MONTGOMERY, Ala. – The newest addition to Alabama’s judicial building is grabbing attention — and sparking a debate.
It’s a 2.5-ton, 4-foot-high monument of a scroll bearing the Ten Commandments.
Alabama Supreme Court Chief Justice Roy Moore didn’t tell anyone he was putting it there — he just did.
Moore, a Republican, launched a successful campaign for the elected position of chief justice after drawing national recognition for displaying the legendary biblical rules in his courtroom in Gadsen County. Moore now says it’s his duty to post them again, in his new place of work.
"It’s under my authority that I took this action," Moore said. "I’m simply acknowledging the course of our morality, the source of our law, the source upon which our country and our laws were founded."
Not everyone agrees a model of the Ten Commandments is appropriate in a public justice building, however.
Larry Darby of Freedom from Religion Foundation said the monument makes him feel that "I won’t get a fair shot before his court because I’m an atheist."
Other opponents say that if Moore can do it, so can they. One state representative wants to display a message that inspires him, alongside Moses’ creed in the judicial building.
"I will place the wording of Martin Luther King’s ‘I Have Dream’ speech there," said the representative, Democrat Alvin Holmes. "That building does not belong to Roy Moore."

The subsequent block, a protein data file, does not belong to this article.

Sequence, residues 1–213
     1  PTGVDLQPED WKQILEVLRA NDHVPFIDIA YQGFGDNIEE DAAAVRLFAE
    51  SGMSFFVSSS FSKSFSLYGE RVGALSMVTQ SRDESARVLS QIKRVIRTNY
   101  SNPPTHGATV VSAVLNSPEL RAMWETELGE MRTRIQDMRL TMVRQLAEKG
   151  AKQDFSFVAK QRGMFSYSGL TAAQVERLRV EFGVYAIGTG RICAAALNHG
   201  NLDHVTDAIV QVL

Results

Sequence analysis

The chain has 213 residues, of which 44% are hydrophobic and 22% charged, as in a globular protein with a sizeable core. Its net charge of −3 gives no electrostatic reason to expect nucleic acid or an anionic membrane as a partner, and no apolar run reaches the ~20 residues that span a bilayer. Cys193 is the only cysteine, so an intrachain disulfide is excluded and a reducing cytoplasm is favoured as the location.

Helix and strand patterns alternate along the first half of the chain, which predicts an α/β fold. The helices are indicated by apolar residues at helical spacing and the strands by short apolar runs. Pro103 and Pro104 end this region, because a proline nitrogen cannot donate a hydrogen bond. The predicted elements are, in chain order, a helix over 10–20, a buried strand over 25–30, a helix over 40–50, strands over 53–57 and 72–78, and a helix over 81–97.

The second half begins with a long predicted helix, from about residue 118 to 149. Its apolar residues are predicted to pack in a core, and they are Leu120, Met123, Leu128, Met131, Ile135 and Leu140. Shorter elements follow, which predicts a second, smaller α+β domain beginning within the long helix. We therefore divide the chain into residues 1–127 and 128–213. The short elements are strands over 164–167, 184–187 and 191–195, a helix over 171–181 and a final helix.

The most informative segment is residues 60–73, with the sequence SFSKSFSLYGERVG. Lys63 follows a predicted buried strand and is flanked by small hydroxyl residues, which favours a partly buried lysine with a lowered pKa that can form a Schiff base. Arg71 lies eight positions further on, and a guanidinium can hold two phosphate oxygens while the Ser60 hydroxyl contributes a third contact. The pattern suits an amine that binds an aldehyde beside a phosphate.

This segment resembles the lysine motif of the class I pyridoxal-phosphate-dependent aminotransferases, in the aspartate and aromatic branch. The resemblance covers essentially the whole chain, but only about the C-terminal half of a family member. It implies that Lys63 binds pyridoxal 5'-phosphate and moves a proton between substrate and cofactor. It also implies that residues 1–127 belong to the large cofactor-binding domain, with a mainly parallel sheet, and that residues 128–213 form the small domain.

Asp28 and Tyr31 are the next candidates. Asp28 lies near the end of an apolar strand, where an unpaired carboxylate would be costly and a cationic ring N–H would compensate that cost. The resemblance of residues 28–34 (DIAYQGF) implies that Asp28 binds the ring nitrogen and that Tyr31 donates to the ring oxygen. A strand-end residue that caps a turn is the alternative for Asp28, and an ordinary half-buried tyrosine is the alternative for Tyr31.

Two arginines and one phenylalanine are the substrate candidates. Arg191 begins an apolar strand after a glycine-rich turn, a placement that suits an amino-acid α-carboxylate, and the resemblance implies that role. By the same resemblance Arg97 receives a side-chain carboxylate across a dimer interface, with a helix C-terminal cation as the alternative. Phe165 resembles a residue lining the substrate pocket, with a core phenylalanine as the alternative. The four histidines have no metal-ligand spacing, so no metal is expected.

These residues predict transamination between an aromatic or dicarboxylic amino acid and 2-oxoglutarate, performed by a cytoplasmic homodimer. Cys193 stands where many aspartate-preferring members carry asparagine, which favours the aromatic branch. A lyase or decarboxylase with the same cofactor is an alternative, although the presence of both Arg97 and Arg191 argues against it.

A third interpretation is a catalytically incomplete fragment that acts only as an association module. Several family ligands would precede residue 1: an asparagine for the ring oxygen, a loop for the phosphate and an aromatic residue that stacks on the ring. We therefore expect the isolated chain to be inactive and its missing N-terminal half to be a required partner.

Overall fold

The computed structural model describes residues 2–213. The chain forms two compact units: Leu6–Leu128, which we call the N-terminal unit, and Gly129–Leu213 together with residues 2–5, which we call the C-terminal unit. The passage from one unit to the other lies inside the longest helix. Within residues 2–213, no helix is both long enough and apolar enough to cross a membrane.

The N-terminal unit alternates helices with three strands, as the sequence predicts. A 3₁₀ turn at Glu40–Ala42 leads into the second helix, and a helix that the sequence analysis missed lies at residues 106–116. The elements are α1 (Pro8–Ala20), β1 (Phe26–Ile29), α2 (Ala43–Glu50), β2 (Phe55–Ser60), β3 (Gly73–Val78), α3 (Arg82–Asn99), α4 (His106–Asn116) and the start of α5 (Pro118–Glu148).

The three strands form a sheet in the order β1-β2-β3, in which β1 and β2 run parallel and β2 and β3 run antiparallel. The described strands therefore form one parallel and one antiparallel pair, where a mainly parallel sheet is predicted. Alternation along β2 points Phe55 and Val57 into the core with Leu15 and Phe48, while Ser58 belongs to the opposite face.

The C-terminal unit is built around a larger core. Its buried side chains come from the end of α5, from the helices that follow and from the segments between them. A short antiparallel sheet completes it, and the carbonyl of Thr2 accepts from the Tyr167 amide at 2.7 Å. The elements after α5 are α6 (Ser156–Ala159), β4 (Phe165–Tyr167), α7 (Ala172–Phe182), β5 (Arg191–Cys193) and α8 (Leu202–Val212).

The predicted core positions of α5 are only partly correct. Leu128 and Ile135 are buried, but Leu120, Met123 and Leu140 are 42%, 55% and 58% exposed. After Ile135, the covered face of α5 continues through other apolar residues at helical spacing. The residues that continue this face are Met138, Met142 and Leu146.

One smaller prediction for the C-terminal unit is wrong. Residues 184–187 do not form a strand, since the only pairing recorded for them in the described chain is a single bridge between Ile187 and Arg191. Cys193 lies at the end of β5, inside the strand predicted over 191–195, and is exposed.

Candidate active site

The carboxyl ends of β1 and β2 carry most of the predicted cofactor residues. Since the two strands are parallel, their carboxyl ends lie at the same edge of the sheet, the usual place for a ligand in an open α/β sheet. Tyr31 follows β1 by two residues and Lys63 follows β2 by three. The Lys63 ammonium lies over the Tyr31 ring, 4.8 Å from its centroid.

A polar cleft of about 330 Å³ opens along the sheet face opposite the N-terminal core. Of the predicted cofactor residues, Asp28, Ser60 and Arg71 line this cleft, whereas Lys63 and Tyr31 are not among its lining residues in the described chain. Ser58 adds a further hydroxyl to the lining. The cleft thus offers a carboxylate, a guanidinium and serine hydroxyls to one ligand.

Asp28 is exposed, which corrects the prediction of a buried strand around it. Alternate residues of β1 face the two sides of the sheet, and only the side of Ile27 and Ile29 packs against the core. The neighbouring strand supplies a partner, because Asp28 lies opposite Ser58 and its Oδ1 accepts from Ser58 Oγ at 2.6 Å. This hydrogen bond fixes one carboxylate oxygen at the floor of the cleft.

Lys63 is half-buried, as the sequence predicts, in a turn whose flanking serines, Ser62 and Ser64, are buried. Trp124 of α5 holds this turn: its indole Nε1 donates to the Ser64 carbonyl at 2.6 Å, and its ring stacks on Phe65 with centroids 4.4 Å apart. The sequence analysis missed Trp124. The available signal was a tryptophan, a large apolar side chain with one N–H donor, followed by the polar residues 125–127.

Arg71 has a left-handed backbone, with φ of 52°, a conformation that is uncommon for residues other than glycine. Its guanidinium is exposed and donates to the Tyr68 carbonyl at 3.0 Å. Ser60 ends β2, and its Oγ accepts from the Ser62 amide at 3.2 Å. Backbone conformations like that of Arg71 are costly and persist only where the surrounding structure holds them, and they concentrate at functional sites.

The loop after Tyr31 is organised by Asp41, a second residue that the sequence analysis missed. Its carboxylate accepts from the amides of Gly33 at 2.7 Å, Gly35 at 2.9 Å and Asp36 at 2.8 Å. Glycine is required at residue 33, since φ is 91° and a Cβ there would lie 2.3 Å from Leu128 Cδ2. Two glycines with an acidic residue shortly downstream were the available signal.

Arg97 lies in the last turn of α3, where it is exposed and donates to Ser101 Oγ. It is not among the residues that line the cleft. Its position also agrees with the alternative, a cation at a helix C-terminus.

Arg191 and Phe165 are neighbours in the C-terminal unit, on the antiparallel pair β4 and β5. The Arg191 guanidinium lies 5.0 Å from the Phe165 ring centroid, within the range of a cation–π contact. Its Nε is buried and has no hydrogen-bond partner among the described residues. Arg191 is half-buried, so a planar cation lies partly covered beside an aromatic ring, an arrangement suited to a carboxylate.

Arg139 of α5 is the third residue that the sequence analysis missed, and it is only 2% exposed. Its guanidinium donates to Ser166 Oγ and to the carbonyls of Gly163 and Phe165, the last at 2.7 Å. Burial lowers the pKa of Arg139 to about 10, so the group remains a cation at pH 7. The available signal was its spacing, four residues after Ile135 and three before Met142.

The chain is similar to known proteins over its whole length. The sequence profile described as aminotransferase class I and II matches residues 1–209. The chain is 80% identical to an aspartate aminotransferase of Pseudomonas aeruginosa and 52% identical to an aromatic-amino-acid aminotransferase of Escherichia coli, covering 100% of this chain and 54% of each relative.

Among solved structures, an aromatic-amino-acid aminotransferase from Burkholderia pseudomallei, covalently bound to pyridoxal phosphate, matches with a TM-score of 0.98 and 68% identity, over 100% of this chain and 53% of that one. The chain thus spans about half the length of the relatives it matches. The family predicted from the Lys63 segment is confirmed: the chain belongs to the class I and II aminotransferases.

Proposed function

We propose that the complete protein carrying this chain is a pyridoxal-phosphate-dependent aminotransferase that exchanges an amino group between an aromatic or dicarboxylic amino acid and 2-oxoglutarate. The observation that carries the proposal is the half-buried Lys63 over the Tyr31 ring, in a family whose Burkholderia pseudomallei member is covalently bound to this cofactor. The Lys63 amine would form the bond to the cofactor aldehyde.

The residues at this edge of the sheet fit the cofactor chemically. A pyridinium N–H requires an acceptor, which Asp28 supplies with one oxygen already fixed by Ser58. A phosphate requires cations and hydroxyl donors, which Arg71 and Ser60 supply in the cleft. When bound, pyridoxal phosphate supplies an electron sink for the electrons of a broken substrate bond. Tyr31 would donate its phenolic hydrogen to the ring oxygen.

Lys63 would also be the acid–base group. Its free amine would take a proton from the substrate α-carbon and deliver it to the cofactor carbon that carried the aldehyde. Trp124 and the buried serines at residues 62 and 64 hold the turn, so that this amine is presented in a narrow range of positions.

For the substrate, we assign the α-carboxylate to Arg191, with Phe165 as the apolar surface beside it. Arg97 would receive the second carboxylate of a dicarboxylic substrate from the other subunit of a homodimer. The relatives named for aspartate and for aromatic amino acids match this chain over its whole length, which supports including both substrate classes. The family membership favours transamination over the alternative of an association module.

Groups that want to see the Ten Commandments posted in all of Alabama’s public buildings and schools say Moore’s monument is a step in the right direction — but doesn’t go far enough.
The attempt to use the state’s constitution to allow display of the Ten Commandments in all public places failed, but supporters say they’ll try again. They plan to introduce a new bill during next year’s legislative session.
"Our polls show that 85 percent of the people of Alabama are behind the 'Ten Commandments Amendment,'" said Dean Young of the Christian Family Association. "They want a public display."
Moore’s display — front and center in Alabama’s judicial buildings — is bound to be front and center in a barrage of lawsuits. Some believe the chief justice is angling for higher political office — and that’s why he installed the monument. He denies that claim, saying the purpose of his controversial move is simple.
"We need to return to a national morality," he said. "You can't return to it unless you recognize its source."